The tensor veli palatini muscle originates from the cranial base and lateral side of the auditory tube (Eustachian tube). In this figure, the tensor veli palatini muscle’s auditory tube origin is represented at the cartilaginous and membranous parts of the lateral auditory tube. Before entering the soft palatum, the tensor veli palatini muscle tendon wraps itself around pterygoid hamulus. Insertion ratio: The insertion ratio as described by Matsune and Sando [13] is calculated by the length of Eustachian tube cartilage involved by insertion of the tensor veli palatini muscle at the auditory tube (line B) divided by the total length of the Eustachian tube (line A); the length of the auditory tube cartilage from the nasopharyngeal end to isthmus portion. (Figure adapted from Matsune et al. [13])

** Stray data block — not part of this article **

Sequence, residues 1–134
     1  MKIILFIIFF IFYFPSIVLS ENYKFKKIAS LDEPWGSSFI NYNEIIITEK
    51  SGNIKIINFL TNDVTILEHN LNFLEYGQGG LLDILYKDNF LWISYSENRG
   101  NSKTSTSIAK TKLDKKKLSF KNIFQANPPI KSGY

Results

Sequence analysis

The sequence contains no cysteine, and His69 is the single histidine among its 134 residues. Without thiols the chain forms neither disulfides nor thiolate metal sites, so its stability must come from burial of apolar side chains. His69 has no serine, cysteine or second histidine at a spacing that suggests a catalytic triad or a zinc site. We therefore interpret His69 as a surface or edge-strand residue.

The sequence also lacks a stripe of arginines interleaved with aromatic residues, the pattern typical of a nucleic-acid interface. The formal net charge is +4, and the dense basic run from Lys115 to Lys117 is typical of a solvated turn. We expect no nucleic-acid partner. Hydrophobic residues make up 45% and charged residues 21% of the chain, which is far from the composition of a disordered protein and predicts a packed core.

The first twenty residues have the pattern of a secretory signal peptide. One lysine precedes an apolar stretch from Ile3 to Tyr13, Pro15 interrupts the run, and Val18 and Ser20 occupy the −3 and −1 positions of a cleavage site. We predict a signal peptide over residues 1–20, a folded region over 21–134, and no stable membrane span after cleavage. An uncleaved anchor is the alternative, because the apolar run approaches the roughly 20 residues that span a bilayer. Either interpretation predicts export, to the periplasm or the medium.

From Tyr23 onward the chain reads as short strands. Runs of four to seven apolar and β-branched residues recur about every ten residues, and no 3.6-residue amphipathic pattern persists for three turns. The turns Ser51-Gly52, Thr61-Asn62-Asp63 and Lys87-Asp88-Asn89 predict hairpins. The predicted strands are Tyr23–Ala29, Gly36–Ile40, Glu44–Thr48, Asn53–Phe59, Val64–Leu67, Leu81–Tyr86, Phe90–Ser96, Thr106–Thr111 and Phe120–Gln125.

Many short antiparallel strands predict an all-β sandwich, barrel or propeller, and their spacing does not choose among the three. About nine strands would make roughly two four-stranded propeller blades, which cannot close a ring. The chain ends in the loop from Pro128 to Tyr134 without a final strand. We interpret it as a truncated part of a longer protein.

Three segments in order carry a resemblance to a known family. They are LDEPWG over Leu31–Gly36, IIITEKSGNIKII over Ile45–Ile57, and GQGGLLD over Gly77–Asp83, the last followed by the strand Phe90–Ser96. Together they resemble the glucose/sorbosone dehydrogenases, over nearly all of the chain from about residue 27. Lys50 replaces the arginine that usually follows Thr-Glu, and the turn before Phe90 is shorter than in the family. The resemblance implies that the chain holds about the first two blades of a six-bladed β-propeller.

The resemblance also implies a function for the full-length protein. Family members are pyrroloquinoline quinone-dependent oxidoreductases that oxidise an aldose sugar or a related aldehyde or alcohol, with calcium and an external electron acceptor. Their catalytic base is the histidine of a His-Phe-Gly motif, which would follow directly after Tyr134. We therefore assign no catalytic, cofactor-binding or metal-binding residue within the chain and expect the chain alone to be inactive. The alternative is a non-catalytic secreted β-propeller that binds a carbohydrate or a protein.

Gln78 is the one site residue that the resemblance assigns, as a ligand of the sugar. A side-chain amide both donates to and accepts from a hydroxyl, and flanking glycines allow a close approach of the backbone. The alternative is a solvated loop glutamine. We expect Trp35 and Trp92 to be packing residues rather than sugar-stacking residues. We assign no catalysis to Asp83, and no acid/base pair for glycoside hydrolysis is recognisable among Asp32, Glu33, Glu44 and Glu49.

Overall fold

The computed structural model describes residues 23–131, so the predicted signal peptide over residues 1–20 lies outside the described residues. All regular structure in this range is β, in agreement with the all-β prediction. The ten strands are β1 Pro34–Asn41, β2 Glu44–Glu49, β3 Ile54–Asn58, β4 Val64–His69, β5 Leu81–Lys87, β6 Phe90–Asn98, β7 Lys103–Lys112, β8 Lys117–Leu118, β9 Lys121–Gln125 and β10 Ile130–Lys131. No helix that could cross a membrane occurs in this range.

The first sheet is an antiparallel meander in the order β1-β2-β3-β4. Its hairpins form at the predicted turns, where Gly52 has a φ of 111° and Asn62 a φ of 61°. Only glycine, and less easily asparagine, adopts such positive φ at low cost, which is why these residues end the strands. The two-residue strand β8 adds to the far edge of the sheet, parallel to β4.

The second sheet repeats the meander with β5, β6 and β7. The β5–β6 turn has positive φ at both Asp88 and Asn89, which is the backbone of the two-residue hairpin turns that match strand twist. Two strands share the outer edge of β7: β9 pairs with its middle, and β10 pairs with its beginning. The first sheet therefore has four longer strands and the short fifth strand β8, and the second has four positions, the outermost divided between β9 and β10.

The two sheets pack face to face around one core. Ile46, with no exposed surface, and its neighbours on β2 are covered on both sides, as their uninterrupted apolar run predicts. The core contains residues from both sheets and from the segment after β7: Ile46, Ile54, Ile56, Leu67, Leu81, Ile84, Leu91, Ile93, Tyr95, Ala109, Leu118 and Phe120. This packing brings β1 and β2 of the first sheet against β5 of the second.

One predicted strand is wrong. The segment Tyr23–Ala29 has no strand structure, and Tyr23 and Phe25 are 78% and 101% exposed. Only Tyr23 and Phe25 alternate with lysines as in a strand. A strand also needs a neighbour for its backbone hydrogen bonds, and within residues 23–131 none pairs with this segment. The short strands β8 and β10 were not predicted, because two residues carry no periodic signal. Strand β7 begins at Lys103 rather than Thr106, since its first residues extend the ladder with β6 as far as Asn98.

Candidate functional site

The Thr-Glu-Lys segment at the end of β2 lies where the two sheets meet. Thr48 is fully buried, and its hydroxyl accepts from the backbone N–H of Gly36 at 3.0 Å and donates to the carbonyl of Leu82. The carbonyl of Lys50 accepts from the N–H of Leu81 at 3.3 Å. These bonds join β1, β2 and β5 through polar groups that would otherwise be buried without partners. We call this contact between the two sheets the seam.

Fig. 2

C Eustachian tube cartilage, L Eustachian tube lumen, Line A connection between two most distant points of Eustachian tube lumen; Line A separates the Eustachian tube cartilage into the lateral lamina (LL) and the medial lamina (ML); LL/ML ratio: Area of lateral lamina divided by the area of the medial lamina. (Adapted from Matsune et al. [19])

Fig. 3

Photomicrograph of cross sections through the midcartilaginous portion of the Eustachian tube: a control case (6-week old female) and b cleft palate case (7-week old male). The photomicrographs show differences in curvature of the lumen and cross-sectional area of the Eustachian tube development of the cartilage between the normal child and the child with a cleft palate (hematoxylin-eosin stain). ETC Eustachian tube cartilage, L Eustachian tube lumen, LL lateral lamina of Eustachian tube cartilage, ML medial lamina, TVPM tensor veli palatini muscle. (Reproduced with permission from Matsune. [19])